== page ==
United States District Court, District of Columbia
B. WALTON United States District Judge
plaintiffs, Texas Defender Service (“TDS”), John
Allen Rubio, Gabriel Paul Hall, and Brian Edward Davis (the
“individual plaintiffs”) (collectively, the
“plaintiffs”), bring this civil action under the
Administrative Procedure Act (“APA”), 5 U.S.C.
§§ 701-06 (2018), against the defendants, the
United States Department of Justice (the
“Department”) and William Barr,  in his official
capacity as the Attorney General of the United States
(collectively, the “defendants”), seeking
“injunctive and other relief to set aside the Final
Rule regarding Certification Process for State Capital
Counsel, 78 Fed. Reg. 58, 160 (Sept. 23, 2013)”
(codified at 28 C.F.R. pt. 26) (the “2013
Regulations”). Complaint and Request for Injunctive
Relief (“Compl.”) ¶¶ 1, 3. Currently
pending before the Court is the Defendants' Motion to
Dismiss (“Defs.' Mot.”). After careful
consideration of the parties' submissions, the Court
concludes for the reasons set forth below that it must grant
the defendants' motion to dismiss.
Chapter 154 of the AEDPA and the 2013 Regulations
Sixth Amendment to the United States Constitution states that
“[i]n all criminal prosecutions, the accused shall
enjoy the right . . . to have the Assistance of Counsel for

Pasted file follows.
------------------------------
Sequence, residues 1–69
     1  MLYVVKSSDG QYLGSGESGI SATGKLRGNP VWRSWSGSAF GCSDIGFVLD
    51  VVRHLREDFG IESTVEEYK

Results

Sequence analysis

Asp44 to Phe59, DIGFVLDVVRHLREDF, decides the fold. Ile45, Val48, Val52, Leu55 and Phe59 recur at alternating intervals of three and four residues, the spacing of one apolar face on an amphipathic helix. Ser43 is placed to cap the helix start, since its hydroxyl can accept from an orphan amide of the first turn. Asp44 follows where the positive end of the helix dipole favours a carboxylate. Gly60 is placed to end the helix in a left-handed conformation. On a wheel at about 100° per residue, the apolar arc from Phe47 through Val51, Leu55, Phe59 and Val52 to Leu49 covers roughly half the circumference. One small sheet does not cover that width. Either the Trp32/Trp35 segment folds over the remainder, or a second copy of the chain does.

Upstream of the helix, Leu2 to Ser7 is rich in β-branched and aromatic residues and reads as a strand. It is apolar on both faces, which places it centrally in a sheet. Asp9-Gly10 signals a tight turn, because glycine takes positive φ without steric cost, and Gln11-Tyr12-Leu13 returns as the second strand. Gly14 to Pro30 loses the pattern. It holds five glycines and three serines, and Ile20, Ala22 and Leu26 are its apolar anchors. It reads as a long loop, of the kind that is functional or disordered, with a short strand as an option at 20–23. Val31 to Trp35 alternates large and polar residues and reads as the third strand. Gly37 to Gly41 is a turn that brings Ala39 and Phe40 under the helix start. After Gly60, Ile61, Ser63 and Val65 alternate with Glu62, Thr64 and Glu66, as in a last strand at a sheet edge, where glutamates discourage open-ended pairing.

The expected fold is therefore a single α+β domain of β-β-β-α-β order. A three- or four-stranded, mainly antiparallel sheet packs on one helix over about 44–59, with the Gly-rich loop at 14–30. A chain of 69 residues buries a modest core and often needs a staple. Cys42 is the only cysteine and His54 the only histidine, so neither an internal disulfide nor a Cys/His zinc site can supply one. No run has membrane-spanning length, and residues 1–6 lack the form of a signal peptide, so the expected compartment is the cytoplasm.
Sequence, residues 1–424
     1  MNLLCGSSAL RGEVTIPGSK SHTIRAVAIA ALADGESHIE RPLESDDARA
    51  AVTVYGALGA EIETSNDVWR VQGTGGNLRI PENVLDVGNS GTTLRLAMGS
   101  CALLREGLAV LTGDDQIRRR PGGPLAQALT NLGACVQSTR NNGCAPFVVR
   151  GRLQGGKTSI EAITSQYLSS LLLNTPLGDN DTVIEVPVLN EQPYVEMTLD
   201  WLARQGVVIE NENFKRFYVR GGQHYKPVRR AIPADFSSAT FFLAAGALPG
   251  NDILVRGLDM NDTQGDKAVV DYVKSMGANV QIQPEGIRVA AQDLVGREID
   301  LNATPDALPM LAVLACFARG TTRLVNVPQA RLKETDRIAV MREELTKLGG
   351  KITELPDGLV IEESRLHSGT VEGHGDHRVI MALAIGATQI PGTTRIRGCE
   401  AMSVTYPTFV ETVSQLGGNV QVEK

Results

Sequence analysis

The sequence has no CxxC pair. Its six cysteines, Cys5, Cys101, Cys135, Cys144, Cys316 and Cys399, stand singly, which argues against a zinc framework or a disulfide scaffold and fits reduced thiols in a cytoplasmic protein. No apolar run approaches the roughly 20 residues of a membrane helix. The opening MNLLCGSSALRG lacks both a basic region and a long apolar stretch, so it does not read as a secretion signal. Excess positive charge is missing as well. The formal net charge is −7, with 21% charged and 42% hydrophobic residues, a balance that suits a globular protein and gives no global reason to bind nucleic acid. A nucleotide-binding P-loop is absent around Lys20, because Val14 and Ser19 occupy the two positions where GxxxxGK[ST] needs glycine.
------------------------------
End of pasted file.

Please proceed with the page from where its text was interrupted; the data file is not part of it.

his defence.” U.S. Const. amend. VI. Additionally,
federal law guarantees indigent state and federal capital
prisoners the right to counsel in federal habeas proceedings.
18 U.S.C. § 3599(a)(2) (2018). However, the Constitution
does not guarantee a similar right to counsel in state
postconviction proceedings. See Murray v.
Giarratano, 492 U.S. 1, 10 (1989) (holding that neither
the Eighth Amendment nor the Due Process Clause guarantees
indigent capital prisoners the right to counsel in state
postconviction proceedings); Pennsylvania v. Finley,
481 U.S. 551, 552 (1987) (noting that “States have no
obligation to provide” postconviction relief,
“and when they do, the fundamental fairness mandated by
the Due Process Clause does not require that the State supply
a lawyer as well”).
attempt to address this limitation on representation for
capital prisoners in state postconviction proceedings,
Congress passed Chapter 154, Title 28 of the United States
Code (“Chapter 154”), 28 U.S.C. §§
2261-66 (2018), as part of the Antiterrorism and Effective
Death Penalty Act of 1996 (“AEDPA”), which
“provides procedural benefits to states that
voluntarily appoint counsel to represent indigent capital
prisoners during state postconviction proceedings.”
Habeas Corpus Res. Ctr. v. U.S. Dep't of
Justice, 816 F.3d 1241, 1244 (9th Cir. 2016) (citing 28
U.S.C. §§ 2261-66), cert. denied, 137
S.Ct. 1338 (2017).
If Chapter 154 applies in a federal habeas case, then, among
other things, (1) the capital prisoner can secure an
automatic stay from execution while his postconviction and
federal habeas proceedings are ongoing; (2) the statute of
limitations for filing a federal habeas petition is shortened
from one year to six month from the date of final judgment of
the state courts on direct appeal; and (3) the federal courts
must give priority status to the habeas case and resolve it
within the time periods specified by Chapter 154.
Id. at 1245 (citations omitted). These procedural
benefits of Chapter 154 are available only if “(1) the